Health and social care in the UK can benefit from the roll-out of 5G and Internet of Things (IoT) technologies, according to new research from Vodafone, a parent company of South Africa’s Vodacom.
The report stated that the UK government has committed to building 40 new National Health Service (NHS) hospitals by 2030, with six NHS Trusts already earmarked to receive funding to completely rebuild existing acute hospitals by 2025.
“This is an unmissable opportunity to remodel the whole NHS estate, designing in new 5G and IoT technology from the ground up to optimise everything from patient experience, to clinical collaboration, to equipment, linen and pharmaceutical supply, to smart hospital buildings with energy-efficient heating and lighting, and more,” the report stated.
This graphic shows what the hospital of the future could contain if new technology is designed in from the start.
The reported stated that the UK government has already committed to building 40 new hospitals in the NHS in England by 2030.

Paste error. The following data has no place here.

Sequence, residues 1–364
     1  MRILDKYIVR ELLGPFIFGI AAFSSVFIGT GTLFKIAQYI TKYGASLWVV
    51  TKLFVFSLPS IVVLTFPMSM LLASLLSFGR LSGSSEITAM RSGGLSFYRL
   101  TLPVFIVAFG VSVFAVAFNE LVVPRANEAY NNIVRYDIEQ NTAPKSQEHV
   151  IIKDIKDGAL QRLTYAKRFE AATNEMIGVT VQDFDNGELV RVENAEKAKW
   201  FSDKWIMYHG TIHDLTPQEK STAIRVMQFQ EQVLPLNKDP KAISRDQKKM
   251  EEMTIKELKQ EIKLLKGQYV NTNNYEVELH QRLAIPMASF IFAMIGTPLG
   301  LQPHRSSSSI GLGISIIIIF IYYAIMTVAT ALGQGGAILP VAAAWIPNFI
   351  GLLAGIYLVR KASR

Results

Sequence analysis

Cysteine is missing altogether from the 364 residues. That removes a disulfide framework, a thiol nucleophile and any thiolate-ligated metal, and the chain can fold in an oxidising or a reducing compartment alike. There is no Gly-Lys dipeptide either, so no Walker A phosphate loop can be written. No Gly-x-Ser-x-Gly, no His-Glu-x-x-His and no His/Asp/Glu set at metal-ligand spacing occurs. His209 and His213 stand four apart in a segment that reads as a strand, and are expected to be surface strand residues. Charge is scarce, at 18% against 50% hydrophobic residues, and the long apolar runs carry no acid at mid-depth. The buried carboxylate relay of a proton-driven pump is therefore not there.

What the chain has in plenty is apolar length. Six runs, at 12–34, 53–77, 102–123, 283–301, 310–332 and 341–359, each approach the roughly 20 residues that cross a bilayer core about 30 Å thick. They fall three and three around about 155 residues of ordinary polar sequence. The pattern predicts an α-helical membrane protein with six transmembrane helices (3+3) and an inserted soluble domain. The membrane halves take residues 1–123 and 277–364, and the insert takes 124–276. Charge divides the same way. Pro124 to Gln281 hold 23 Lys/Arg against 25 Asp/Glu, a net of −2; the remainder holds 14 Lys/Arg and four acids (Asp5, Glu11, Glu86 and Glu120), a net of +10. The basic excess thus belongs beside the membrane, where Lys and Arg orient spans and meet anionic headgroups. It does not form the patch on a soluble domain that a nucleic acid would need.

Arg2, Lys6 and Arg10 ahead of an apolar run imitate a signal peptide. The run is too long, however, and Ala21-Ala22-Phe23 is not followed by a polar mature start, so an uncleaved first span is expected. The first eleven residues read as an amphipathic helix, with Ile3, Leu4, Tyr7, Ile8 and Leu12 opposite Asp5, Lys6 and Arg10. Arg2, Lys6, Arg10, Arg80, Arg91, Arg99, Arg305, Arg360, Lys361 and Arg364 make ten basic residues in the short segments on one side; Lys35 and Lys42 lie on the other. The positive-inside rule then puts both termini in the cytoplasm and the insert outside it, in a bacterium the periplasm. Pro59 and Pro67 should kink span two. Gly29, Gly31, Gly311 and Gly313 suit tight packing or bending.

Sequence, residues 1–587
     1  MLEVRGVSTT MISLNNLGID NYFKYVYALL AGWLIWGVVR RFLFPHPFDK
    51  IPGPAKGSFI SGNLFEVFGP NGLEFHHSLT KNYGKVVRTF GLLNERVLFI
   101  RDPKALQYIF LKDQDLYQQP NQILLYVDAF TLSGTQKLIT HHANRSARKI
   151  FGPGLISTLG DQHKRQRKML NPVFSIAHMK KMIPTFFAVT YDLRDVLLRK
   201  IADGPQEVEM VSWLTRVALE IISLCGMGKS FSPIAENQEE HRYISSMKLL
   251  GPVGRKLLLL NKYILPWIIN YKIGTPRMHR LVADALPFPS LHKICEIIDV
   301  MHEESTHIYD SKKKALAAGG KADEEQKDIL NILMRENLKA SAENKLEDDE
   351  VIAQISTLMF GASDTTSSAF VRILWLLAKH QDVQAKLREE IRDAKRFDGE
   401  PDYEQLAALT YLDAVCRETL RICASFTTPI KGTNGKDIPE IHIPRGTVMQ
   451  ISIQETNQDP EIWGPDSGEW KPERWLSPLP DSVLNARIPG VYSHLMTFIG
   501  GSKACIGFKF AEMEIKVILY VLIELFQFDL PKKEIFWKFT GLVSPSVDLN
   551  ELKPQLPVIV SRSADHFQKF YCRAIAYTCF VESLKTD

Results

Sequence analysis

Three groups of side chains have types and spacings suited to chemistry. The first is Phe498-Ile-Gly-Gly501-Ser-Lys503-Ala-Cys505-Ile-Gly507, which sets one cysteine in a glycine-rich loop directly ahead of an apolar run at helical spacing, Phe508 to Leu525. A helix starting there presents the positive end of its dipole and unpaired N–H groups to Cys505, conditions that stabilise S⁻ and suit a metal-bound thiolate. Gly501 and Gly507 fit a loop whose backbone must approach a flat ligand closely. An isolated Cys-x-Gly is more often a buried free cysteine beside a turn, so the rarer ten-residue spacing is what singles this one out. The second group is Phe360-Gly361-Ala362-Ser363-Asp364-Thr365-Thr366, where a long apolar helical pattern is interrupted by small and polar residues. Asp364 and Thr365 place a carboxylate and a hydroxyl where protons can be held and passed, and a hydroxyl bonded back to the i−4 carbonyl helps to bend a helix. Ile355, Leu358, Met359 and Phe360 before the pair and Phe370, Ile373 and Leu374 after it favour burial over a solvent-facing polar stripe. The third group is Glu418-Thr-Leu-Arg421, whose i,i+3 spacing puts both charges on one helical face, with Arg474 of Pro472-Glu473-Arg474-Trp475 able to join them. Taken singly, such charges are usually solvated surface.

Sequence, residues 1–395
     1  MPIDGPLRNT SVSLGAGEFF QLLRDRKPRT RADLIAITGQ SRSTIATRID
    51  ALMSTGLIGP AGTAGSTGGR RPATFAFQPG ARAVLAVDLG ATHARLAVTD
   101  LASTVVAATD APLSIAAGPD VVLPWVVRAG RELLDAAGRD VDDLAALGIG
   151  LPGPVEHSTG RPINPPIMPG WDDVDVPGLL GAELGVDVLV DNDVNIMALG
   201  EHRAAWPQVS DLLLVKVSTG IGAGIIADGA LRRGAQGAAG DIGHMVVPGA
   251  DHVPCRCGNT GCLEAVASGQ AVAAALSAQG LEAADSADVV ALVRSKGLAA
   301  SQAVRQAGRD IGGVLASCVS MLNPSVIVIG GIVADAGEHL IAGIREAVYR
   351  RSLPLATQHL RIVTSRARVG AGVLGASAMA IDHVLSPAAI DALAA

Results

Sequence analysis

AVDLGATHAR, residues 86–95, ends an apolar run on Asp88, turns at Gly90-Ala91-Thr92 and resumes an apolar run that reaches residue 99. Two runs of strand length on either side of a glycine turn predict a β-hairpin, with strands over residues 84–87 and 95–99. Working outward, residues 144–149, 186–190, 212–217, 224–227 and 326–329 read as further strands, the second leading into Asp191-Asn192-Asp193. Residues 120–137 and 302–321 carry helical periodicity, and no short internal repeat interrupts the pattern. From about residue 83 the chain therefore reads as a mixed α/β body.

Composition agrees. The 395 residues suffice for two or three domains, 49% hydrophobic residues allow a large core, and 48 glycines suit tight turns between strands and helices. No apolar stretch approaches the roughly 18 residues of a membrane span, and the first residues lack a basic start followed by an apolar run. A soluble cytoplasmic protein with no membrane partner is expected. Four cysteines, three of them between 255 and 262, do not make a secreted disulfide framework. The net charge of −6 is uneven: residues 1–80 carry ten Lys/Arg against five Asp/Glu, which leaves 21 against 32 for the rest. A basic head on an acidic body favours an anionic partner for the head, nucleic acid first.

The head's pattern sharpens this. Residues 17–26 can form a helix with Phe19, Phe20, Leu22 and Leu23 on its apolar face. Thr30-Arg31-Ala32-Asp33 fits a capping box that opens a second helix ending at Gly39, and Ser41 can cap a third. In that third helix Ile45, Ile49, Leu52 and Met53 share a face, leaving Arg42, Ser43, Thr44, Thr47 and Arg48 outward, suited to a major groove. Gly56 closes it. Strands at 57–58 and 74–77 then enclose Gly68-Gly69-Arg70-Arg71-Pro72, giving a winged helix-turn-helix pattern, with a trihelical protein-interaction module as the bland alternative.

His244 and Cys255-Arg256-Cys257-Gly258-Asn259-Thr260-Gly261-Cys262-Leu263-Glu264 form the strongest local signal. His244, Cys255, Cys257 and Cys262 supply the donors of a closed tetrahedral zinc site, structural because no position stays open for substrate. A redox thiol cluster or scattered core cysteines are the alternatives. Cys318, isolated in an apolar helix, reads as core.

“These should, as a matter of course, be designed and built in such a way that they are ready to incorporate the very latest digital technology; and the rest of the NHS estate should be upgraded to enable 5G connectivity as well.”
The report states that government should invest £1 billion (R20 billion) to bring 5G to every hospital in England by 2025, either via 5G private networks or in-building solutions, according to the desired use cases. And it should commit NHS hospitals to procure
currently available mobile technology, including 5G devices, applications and IoT.
In addition, according to the Vodafone’s report the UK government should invest a further £500 million (R10 billion) to encourage the creation of 5G healthcare applications through regional innovation centres, to get even more out of the potential of 5G connectivity and
ensure that the UK is a global leader in healthcare technology.